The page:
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Pigeon Peas

Pigeon Pea plant

One of the sure signs that Christmas is around the corner is the flowering of the pigeon peas. Also known as gandules, they are called gungo or pigeon peas here in Jamaica and are the essential ingredient in the rice and peas dish most families prepare on special occasions and, in particular, on Christmas Day.

Pigeon Pea plant

Pigeon pea plant

The pigeon pea originated in eastern India and was brought to east and west Africa, and eventually to the Americas by African slaves probably around the 17th century. It has been cultivated for at least 3,500 years.

Small in size and light green or white in color, the pigeon pea takes on a light brown hue when it’s been dried. Besides its use in rice and peas, pigeon peas can also be used in soups.

Pigeon pea plant

Pigeon pea plant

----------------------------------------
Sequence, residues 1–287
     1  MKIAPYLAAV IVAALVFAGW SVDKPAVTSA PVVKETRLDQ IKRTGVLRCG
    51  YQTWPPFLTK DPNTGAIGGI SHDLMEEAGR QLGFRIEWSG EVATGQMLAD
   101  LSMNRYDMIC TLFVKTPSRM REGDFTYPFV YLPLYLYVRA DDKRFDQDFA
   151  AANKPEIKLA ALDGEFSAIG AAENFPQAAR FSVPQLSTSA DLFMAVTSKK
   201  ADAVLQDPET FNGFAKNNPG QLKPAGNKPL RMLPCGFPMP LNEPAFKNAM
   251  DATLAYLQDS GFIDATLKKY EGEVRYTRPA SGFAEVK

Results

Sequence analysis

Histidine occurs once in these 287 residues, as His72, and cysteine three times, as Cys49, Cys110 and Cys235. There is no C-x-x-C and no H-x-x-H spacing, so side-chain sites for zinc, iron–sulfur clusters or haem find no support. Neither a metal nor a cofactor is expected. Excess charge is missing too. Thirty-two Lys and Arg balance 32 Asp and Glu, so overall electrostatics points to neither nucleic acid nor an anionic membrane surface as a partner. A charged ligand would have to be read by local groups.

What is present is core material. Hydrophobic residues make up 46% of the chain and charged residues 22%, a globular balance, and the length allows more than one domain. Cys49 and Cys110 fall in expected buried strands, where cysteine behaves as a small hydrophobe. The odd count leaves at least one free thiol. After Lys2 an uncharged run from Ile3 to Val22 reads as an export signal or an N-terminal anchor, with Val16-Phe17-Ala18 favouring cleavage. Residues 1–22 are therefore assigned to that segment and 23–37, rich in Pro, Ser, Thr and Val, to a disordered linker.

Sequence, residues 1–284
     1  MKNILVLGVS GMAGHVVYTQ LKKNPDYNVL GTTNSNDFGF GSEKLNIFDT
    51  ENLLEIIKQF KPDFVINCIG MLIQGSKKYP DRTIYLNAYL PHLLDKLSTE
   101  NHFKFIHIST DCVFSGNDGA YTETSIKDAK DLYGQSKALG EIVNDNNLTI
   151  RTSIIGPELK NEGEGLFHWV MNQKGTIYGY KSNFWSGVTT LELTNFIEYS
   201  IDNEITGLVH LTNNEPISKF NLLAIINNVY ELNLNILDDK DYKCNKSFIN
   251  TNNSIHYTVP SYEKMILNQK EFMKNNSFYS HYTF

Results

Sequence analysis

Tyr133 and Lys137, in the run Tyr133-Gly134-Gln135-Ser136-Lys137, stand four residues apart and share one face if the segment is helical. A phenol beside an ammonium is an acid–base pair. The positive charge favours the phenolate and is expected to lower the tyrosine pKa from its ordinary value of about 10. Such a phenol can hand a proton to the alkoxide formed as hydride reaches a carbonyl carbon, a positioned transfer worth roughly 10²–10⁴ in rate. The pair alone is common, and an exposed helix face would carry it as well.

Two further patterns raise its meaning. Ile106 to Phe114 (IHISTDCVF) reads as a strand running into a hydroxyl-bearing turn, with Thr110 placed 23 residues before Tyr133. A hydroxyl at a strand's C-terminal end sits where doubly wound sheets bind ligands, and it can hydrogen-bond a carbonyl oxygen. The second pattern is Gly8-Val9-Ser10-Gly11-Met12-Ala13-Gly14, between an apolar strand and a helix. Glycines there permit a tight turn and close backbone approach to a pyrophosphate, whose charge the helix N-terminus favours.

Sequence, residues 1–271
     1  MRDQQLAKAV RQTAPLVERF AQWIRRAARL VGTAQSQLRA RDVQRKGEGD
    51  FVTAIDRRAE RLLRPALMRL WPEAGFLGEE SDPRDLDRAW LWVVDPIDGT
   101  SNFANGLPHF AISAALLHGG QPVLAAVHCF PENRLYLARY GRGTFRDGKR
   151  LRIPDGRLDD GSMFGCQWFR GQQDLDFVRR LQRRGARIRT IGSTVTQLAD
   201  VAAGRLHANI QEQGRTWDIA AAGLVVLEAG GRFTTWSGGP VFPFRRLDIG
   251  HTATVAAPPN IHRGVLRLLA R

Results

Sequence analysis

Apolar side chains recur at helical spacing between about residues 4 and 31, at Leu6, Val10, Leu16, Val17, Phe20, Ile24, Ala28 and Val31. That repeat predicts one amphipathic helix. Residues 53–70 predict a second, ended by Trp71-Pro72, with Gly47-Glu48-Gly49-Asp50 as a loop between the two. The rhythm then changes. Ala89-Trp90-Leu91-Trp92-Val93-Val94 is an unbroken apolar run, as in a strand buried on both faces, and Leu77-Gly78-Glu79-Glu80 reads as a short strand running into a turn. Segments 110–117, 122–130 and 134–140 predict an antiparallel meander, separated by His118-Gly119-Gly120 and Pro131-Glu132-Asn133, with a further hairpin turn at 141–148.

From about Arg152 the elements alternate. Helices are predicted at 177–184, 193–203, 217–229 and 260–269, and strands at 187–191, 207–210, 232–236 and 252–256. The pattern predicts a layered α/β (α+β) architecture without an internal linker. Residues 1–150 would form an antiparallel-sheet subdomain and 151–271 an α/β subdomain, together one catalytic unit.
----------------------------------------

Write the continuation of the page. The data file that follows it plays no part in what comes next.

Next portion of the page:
Pigeon peas are rich in protein, fiber and essential amino acids.

What fascinates me about the pigeon pea is the plant. The leaves look velvety and the ‘flowers’ are so colorful, they look as if they could be cut and put in a vase. These ‘blooms’ will last about a week then will be replaced by pods that are long and have individual pockets that hold each pea. Each pod can hold up to 8 peas, and grow in bunches of 5 to 7.

The green pigeon peas can be frozen for later use. When cooked, they have a slightly different taste from the dried ones.

Have you tried pigeon peas?

This is my submission to Travel Photo Thursday, which is organized by Nancie at Budget Travelers Sandbox. Be sure to head over and check out more photos from locations around the world.